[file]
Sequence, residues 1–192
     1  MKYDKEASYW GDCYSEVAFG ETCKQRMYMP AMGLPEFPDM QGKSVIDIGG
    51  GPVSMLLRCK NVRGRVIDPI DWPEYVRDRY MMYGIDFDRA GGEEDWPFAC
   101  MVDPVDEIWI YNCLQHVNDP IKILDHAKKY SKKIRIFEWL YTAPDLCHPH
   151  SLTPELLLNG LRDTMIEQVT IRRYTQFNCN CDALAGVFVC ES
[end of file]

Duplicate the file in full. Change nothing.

Sequence, residues 1–192
     1  MKYDKEASYW GDCYSEVAFG ETCKQRMYMP AMGLPEFPDM QGKSVIDIGG
    51  GPVSMLLRCK NVRGRVIDPI DWPEYVRDRY MMYGIDFDRA GGEEDWPFAC
   101  MVDPVDEIWI YNCLQHVNDP IKILDHAKKY SKKIRIFEWL YTAPDLCHPH
   151  SLTPELLLNG LRDTMIEQVT IRRYTQFNCN CDALAGVFVC ES